Change on the Rocks
Retreating glaciers are informing the Land Trust’s conservation plans.
Few landmarks define our corner of the world like its three iconic, glaciated peaks. Mount Hood, Mount Adams, and Mount St. Helens bracket our region like sentinels—ever-present reminders that we live in a vast and extraordinary place.
As indelible as they seem, each of these mountains is a highly dynamic environment, continually shaped by the elements. Since many of the rivers in Columbia Land Trust’s service area originate from one of these peaks, such changes can have major implications for our conservation work.
Andrew Fountain, glaciologist and professor of geology at Portland State University, explores the ways glaciers respond to a changing climate. Fountain recently compared photographs of Hood, Adams, and St. Helens from the turn of the 20th century with field observations and Lidar, are remote sensing method used to examine Earth’s surfaces, to assess how the mountains’ glaciers have changed in the past 100 years. The results confirm what many casual observers might have guessed: Just about every glacier in the region is retreating in response to a warming climate. On average, the region has lost nearly half of its glacier area since 1900.
From 1907 to 2004, Mount Hood’s seven named glaciers have retreated, decreasing in size by an average of 34 percent. Mount Adams, which receives comparably less precipitation, is losing its glaciers at an even faster rate: 49 percent between 1904 and 2006. Crater Glacier, which sits in the bowl of Mount St. Helens, is actually advancing, but only because of the mountain’s unique shape and orientation.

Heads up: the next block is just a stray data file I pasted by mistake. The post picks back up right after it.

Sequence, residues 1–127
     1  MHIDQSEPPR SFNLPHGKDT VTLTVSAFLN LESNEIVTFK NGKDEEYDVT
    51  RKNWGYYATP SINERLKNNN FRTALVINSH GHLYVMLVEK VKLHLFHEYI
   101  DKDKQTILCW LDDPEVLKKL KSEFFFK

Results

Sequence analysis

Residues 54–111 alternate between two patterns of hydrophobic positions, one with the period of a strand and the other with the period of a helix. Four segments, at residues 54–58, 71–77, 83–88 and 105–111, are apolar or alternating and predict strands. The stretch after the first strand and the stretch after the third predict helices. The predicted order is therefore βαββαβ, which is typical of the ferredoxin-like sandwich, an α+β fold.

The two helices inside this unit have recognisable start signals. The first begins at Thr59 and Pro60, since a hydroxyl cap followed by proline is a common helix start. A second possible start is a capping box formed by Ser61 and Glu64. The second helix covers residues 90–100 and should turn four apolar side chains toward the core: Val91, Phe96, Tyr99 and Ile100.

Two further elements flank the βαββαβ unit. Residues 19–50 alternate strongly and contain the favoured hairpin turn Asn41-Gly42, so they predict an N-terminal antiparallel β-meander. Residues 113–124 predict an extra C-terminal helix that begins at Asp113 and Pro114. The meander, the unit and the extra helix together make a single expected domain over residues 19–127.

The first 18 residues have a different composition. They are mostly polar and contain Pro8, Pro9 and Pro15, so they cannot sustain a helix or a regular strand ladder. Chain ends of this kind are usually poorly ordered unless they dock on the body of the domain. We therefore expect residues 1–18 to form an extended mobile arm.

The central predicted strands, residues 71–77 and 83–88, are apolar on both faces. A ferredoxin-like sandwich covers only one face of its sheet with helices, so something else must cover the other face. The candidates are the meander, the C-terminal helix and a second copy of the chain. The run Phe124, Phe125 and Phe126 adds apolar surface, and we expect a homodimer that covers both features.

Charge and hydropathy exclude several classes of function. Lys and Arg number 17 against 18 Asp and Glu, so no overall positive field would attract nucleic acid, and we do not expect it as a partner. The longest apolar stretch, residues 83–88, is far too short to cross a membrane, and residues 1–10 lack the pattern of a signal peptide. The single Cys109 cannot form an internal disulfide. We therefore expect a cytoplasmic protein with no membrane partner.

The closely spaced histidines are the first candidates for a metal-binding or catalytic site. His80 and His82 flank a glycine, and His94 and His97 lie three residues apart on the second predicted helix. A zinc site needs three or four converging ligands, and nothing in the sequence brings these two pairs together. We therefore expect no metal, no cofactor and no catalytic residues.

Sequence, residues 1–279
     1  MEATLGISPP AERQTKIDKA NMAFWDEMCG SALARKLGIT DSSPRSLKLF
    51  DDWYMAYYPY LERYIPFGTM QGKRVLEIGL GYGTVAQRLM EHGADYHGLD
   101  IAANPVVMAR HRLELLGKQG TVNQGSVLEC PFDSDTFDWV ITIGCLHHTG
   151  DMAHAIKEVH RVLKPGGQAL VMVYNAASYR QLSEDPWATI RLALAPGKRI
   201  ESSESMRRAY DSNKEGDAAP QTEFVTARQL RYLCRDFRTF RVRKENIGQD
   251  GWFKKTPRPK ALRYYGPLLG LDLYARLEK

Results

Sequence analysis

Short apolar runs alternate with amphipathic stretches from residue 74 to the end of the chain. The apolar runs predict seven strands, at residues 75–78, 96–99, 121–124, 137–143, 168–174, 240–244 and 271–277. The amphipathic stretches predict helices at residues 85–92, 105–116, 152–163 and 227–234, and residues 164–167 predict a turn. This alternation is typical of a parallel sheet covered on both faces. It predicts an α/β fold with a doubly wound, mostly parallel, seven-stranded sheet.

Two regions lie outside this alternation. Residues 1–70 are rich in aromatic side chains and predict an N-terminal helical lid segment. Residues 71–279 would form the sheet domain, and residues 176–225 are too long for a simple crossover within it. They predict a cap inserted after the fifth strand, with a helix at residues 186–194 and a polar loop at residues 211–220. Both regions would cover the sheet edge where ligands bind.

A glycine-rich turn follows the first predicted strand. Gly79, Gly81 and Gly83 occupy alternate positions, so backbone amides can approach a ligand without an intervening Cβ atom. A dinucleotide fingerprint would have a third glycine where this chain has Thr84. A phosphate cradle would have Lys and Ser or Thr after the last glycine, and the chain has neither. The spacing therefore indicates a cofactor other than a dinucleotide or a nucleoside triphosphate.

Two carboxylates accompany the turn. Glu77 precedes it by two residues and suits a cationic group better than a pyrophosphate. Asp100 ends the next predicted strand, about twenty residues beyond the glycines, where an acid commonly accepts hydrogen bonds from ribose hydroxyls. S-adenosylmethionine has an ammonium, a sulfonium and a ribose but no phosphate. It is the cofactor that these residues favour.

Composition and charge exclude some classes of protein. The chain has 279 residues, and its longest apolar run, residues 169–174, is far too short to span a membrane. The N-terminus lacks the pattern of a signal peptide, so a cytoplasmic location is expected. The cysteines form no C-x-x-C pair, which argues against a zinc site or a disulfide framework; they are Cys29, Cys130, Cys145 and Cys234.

While observations from Mount Hood and Mount Adams may raise concerns about the region’s future water supply, Fountain says the threat is low because groundwater and snowmelt minimize the effects of smaller glaciers. There are some areas closer to the mountains, however, where the impacts may be more significant. North of Mount Hood, the orchards of the Hood River region could face challenges given that the area relies on glacier melt for 30 percent of its water in the summertime.
Columbia Land Trust’s conservation team plans its efforts using the best available science. In addition to current data on areas with threatened wildlife, prime habitat, restoration potential, and on areas facing development pressures, the team must try to anticipate how a changing climate will influence its priorities going forward.
Fountain notes that with a gradually warming climate, there are winners and losers when it comes to habitat. “In our glacier-fed rivers, we have a few species of kryal [i.e., cold-loving] midges. As those glaciers disappear and that water warms up, those guys are gone, but those species will be replaced by others that prefer warmer water. Is that good or bad? It depends on who’s asking.”
For the Land Trust, conserving land forever means striving to be as resilient as the mountains that shape our skyline.